Do I have to declare my student loan on my mortgage application?
Planning to buy your first home? You’ve probably already taken a close look at your credit history to work out how this will affect your chances of getting a mortgage.
But there’s one debt that doesn’t affect your credit history – your student loan. So does this mean it will also have no impact on your mortgage application? We take a closer look.
A different type of debt
If you have two loans for £10,000 each and three credit cards with credit limits totalling £30,000, this will certainly have an impact on your credit history. If you’re applying for a mortgage, a lender might decide that you already have too much credit available to you and lending you more would be too much of a burden.
But your student loan might come to the exact same total as the example above, and yet it doesn’t have a negative impact on your credit history.
As a result, it was recently reported that two-thirds of 18 to 35-year-olds believe their student loan won’t act against them when they come to apply for a mortgage. But is this right?
It’s now been over two years since the 2014 Mortgage Market Review and the rules on mortgage lending are far tighter now than they were before the house market crash. Lenders take a detailed look at your credit history as well as your income and outgoings when you apply to them for credit.
And it was in the MMR that it was suggested lenders treat student loan repayments as “committed expenditure”. This means that these repayments should be included by lenders in the affordability calculations they carry out.
Affordability is how much a lender thinks you can afford to pay each month based on what you already have coming out of your account. This affects the size of mortgage you can afford to take out.
The money you have to spend on your mortgage each month is what’s left when things like your utility bills, grocery shopping, credit card and loan repayments, mobile phone contract and travel costs have been taken away from your monthly income. Added to these outgoings will be your student loan repayments.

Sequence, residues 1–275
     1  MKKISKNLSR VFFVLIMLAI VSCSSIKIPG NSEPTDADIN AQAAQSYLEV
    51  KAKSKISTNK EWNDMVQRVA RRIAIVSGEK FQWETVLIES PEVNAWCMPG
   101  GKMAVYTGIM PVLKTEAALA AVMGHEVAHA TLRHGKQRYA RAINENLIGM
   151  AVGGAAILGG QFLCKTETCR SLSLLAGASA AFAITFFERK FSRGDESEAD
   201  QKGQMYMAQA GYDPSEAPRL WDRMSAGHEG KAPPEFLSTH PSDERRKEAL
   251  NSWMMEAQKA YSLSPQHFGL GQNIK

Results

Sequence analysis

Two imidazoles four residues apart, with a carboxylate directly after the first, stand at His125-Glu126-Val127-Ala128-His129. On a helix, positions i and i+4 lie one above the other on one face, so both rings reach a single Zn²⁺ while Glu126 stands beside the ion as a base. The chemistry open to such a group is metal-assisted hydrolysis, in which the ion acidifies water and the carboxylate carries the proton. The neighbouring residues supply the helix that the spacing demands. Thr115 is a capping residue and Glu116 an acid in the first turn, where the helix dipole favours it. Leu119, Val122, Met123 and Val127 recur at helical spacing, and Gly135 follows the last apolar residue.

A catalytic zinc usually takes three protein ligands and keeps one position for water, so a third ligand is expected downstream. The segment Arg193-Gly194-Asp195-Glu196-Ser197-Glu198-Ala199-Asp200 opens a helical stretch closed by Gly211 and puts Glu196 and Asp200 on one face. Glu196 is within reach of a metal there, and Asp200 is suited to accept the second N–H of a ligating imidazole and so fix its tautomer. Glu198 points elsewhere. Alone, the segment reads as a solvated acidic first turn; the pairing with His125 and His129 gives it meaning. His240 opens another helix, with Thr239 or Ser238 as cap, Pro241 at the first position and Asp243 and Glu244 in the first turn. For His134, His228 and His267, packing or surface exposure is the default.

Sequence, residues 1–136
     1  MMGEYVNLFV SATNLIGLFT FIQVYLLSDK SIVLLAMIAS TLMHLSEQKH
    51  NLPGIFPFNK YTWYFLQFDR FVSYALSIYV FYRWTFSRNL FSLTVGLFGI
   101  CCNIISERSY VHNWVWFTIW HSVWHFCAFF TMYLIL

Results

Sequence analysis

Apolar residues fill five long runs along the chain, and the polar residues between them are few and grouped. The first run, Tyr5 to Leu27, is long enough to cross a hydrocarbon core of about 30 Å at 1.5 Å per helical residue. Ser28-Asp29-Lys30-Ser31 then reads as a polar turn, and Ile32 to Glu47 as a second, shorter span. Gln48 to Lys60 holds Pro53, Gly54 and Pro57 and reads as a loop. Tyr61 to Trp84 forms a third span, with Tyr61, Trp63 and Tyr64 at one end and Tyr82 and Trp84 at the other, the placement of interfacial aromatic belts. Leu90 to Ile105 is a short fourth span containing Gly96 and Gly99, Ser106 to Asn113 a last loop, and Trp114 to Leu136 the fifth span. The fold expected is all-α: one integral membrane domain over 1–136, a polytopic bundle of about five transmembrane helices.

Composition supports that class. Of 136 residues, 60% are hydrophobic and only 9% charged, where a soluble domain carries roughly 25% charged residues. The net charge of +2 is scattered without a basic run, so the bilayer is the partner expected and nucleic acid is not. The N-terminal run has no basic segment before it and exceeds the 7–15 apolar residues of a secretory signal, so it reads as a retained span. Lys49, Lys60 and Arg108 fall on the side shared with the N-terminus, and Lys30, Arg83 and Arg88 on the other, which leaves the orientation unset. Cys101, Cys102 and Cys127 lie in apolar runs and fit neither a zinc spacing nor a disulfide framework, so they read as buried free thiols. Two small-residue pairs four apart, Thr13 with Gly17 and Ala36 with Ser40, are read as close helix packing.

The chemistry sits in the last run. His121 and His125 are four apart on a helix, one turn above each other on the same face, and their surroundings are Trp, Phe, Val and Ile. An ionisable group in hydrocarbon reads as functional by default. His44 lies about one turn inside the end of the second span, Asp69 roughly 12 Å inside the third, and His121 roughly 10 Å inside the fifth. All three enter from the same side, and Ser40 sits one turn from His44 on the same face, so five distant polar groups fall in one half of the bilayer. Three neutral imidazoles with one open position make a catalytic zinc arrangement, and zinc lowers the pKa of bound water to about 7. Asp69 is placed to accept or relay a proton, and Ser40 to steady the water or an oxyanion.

What can you afford?
It’s important you work out what you can afford to put towards your mortgage each month before you apply (and you can use a mortgage affordability calculator like ours to help you work it out).
This can help you work out what mortgage you can afford to apply for and could reduce your chances of being turned down. When you’re turned down for a mortgage – or any credit – it leaves a mark on your credit history for future lenders to see, and this is something you want to avoid.
When you work out what you can afford to pay towards your mortgage each month, include all of your regular outgoings including your student loan. You should be sure that you can comfortably afford the estimated payments, as these could go up if interest rates change and you’re not on a fixed-rate mortgage.
"You should be sure you can comfortably afford your mortgage payments."
Including your student loan repayments may mean that you can’t afford the mortgage you hoped for. However, this isn’t necessarily a bad thing – it means you won’t be borrowing more than you can afford and then seeing your finances really stretched once you start making payments. Not being able to pay your mortgage puts your home at risk of repossession.
And remember, it’s not only your outgoings that affect how much you can afford to borrow – your deposit has an impact too. The more you save towards a deposit, the less you’ll need to borrow (or the more you can borrow) and this may mean you get a better deal.
So, to sum up, no, your student loan doesn’t affect your credit history, but yes, it does affect your mortgage application. Providing you’re prepared for this, though, it doesn’t have to be a bad thing.
Disclaimer: All information and links are correct at the time of publishing.